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The Butcher’s Wife’s Guide to Prime Rib

Yields1 Serving

1

Most often, Prime Rib is roasted in the oven. While a gas or even charcoal grill is an option, the oven is the most foolproof method whether this is your first or hundredth Prime Rib.

2

Decide on the desired temperature and be sure to have a programmable, probe-style meat thermometer. This will allow you to go about your business and be altered when the roast reaches the desired temperature without opening the oven door repeatedly.

3

Unwrap the roast and place on a rack in a roasting or sheet pan. Standing Rib Roasts use the bones as a rack. Delmonico Roasts should go on a rack with the fat side up (always fat side up!).

4

Let stand at room temperature for a couple of hours. The larger it is, the longer it needs to stay out. Cover it with a clean dish towel while you do this. After you've done this, preheat the oven to 500 degrees and ensure your oven is impeccably clean.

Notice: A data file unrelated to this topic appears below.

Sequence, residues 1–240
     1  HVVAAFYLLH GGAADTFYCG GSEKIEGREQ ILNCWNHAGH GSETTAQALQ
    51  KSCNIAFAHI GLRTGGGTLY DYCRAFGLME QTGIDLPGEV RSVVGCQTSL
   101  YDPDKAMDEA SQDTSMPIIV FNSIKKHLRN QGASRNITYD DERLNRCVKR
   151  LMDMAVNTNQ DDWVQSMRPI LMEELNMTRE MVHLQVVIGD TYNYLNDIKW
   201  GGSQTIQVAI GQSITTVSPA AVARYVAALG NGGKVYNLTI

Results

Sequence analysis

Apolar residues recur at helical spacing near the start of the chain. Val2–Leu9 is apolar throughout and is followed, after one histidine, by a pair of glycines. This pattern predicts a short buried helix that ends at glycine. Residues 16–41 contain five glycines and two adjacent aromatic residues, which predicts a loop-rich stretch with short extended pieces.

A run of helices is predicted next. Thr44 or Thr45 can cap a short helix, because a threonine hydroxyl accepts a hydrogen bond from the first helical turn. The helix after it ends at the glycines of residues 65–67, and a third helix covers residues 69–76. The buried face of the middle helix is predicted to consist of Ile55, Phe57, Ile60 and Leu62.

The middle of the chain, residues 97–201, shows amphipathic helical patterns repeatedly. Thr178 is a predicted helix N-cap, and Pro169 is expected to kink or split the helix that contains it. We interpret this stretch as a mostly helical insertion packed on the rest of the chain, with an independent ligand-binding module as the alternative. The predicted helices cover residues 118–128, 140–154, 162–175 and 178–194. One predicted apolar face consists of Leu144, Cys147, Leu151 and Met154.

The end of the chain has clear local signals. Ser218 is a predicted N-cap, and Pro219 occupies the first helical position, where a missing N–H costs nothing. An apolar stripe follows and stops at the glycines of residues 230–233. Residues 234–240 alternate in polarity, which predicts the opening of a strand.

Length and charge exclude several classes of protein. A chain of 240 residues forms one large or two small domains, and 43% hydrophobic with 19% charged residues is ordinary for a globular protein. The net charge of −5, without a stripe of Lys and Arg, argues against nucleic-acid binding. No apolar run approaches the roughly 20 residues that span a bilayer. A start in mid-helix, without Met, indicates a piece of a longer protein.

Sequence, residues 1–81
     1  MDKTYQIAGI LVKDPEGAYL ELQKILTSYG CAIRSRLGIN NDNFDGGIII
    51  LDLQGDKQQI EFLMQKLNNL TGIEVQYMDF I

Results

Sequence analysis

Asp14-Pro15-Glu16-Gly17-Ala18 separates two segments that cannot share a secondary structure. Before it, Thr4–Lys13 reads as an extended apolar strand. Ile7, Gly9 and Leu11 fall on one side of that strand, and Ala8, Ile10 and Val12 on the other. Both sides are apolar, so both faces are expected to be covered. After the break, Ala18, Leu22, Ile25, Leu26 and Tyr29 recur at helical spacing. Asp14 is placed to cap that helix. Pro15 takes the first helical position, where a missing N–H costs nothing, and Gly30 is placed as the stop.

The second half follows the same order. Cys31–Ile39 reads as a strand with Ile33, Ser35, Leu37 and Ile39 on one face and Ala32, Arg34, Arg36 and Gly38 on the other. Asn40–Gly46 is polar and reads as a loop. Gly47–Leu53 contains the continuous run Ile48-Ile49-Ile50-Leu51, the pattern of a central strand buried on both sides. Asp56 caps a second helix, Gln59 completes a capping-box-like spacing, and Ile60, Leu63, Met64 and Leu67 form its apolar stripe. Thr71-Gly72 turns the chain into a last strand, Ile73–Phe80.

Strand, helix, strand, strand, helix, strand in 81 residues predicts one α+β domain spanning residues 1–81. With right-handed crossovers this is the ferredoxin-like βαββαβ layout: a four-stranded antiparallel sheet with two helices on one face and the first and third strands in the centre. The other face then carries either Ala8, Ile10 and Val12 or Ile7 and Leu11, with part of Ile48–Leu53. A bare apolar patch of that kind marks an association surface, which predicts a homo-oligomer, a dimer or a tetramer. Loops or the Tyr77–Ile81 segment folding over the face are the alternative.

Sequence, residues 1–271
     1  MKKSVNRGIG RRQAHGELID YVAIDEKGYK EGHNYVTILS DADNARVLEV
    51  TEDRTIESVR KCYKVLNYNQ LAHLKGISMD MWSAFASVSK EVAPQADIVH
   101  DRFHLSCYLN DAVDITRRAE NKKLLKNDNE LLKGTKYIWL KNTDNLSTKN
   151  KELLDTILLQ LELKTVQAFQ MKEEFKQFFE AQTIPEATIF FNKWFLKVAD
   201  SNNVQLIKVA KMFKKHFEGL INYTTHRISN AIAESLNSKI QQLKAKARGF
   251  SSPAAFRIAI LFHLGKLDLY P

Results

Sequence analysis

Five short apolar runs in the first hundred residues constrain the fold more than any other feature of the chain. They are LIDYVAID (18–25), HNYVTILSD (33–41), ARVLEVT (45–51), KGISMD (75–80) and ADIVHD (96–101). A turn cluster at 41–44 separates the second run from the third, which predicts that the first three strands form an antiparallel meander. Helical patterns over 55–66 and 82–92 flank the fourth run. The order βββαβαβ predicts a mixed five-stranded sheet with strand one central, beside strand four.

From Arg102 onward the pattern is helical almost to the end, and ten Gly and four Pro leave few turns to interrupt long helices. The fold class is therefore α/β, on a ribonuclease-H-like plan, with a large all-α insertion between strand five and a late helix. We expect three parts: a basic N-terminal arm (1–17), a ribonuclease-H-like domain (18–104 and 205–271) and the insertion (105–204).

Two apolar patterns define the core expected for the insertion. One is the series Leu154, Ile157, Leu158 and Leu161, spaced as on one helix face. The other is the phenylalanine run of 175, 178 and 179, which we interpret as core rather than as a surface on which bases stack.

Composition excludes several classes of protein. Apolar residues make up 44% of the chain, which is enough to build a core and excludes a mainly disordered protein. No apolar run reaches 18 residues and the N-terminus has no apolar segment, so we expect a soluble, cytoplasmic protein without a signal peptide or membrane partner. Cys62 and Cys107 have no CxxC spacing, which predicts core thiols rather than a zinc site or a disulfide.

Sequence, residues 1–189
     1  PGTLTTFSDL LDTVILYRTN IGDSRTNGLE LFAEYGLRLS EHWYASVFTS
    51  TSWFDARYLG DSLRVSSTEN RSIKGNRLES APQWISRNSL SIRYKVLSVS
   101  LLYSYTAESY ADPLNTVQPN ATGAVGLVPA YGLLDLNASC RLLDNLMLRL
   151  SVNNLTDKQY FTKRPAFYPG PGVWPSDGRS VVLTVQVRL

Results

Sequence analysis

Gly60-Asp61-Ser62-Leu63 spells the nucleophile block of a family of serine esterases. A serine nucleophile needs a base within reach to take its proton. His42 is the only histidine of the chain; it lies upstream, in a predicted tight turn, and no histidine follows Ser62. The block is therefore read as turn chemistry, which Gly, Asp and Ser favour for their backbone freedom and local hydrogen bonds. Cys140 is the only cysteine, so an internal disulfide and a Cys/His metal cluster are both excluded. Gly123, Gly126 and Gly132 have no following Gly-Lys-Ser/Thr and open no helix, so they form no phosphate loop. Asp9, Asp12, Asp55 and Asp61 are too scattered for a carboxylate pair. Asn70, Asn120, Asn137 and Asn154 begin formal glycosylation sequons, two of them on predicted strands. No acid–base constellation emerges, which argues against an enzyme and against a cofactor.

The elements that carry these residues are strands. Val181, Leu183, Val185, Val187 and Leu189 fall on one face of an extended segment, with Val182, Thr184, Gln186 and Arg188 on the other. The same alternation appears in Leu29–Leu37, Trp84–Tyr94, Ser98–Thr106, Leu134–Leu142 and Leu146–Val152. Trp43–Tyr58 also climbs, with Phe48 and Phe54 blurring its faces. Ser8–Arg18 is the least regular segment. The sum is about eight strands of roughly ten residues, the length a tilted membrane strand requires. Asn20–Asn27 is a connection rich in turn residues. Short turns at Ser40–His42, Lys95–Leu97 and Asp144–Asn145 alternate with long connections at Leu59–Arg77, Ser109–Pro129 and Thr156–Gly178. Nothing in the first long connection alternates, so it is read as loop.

5

Rub generously with Maxbauer's Roast Beef Rub. It's called a rub, not a sprinkle, so really rub it in about 30 minutes prior to roasting. Insert thermometer into the center of the roast. Set the digital program to 130 degrees (for medium rare).

6

Place roast in 500 degree oven and set a time for 15 minutes. Turn the oven down to 300 degrees for the duration of the cooking time. When the desired temperature is reached, remove from the oven and cover with foil and a clean kitchen towel. Let rest for 15 minutes before removing the temperature probe.

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